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Your ref NP/02/133
Dear Ms Milner
RETENTION OF ROUND HOUSE
I am writing before the 5th April to clarify our position. Although yes, you have plenty of detailed policies, it does appear from the outside that there is some debate whether the policies all add up to achieving your two stated aims of conserving the natural environment, and of helping humans appreciate that environment. Many people have been concerned that the Park can say yes to an Iron Age roundhouse but not to a modern one; yes to a cliffside earth sheltered house costing £250,000 but no to a farm cottage costing £3,000; that they can say yes to huge metal barns that disfigure the landscape for miles yet no to a simple earth sheltered structure that is almost invisible from 100 metres; that they can say yes to a horse shelter 80 metres from this house but no to a human shelter of similar low impact design. Are your objectives to preserve a good view? Are they to prevent inefficient use of resources? Are they to achieve a more sustainable countryside? This house serves all these purposes, and no evidence has ever been brought forward to say that it does any damage to the landscape. What then, does it damage? The only answer you could come up with at the inquiry was that the existence of this house damages your policies. This extremely tenuous argument was used by the inspector to justify what would otherwise be a breach of Article 8 of the Human Rights Act - an argument we would have been happy to challenge had we been willing to throw money at the high court.
Basically, therefore, it comes down to the question: is it in the public interest to demolish this roundhouse? Are your policies the public interest itself? No, they are not, and you would probably agree that they are currently in a state of flux, to put it lightly (Would cliff edge luxury home Malator gain permission under your brand new housing policy? I doubt it. Is it still enjoying pride of place on your website? Yes it is.). I am not asking, as you imply, for guarantees that the Welsh Assembly will change its guidance following the report on low impact developments. All I am suggesting is that the chances are that it will issue new guidance, and that in the meantime this house is doing no harm to anything, including your policies.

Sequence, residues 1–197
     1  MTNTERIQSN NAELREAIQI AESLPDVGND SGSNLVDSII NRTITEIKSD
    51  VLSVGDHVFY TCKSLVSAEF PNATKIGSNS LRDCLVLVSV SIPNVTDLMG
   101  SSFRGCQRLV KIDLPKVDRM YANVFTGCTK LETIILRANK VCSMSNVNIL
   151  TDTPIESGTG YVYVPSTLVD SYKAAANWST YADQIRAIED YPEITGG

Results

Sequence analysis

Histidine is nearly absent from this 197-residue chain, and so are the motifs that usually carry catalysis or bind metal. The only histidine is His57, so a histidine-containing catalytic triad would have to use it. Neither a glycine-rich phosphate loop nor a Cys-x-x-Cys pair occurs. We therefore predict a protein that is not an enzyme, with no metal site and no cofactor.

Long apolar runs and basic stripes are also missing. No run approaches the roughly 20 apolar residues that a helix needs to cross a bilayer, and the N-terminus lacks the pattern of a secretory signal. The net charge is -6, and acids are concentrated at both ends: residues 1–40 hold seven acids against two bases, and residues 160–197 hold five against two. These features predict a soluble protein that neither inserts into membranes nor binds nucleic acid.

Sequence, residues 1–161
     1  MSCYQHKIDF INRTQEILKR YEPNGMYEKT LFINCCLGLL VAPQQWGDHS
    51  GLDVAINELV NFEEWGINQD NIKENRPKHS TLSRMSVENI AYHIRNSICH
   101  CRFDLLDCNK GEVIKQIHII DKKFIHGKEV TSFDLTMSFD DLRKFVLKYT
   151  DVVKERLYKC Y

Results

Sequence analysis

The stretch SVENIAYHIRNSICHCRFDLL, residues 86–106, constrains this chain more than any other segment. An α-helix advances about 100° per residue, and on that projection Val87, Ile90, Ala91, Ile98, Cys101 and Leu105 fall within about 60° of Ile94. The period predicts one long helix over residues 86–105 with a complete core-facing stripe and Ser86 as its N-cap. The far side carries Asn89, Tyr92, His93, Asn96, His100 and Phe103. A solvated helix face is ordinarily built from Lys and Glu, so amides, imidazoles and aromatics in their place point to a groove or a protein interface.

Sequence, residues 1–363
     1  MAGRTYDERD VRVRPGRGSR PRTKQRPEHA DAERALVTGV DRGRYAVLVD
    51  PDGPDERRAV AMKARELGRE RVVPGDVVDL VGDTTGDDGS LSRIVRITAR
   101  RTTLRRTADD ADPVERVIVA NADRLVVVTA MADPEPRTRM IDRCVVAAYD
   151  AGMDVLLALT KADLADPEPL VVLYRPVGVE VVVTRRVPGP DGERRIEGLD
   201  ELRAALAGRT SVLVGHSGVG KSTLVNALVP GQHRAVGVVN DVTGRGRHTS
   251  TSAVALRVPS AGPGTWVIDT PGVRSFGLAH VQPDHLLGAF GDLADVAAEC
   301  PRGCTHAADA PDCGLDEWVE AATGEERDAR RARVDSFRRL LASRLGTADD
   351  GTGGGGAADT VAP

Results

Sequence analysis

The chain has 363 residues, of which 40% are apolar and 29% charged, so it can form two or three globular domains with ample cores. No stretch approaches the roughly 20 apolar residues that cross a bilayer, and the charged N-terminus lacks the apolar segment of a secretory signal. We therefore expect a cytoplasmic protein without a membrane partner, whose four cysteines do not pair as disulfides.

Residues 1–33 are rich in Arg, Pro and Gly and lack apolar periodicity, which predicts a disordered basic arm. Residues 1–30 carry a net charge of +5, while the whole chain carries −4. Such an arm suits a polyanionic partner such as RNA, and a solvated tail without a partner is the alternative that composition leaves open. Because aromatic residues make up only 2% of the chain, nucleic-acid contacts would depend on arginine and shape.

There remains the overall question of public interest. We have had visits numbering in the hundreds from many people, local and from far away, to see for themselves what a biodegradable ecohome might look like. These visits are not abating. Some of the visitors may have written to you, and I trust you will fulfill your obligations to report their views accurately to the Committee. Not a single visitor would agree that it is in the public interest for this house to be destroyed.
Lastly, may I encourage you to reconsider the application of the exception rule relating to material considerations. There are dozens in this case; may I name three:
1. The house is not an independent estate, but an integral feature of a farm being run with the express aim of environmental sustainability. We will continue to seek what it takes to achieve true sustainability. We have no interest in selling this piece of land for a profit. We simply want to live here.
2. The house is perhaps the best known example in Wales of an eco-house designed specifically with a low ecological footprint in mind. It is therefore a pointer to future uses of recycled materials, forestry thinnings and permaculture design.
3. The house, being biodegradable, will rot away one day in any case. No cement is used anywhere in the construction, and I would be quite happy to contract with the authority to keep it that way, including no tarmac on the track, etc. I have already offered to waive any permitted development rights pending review in two years' time.
Yours sincerely, Tony Wrench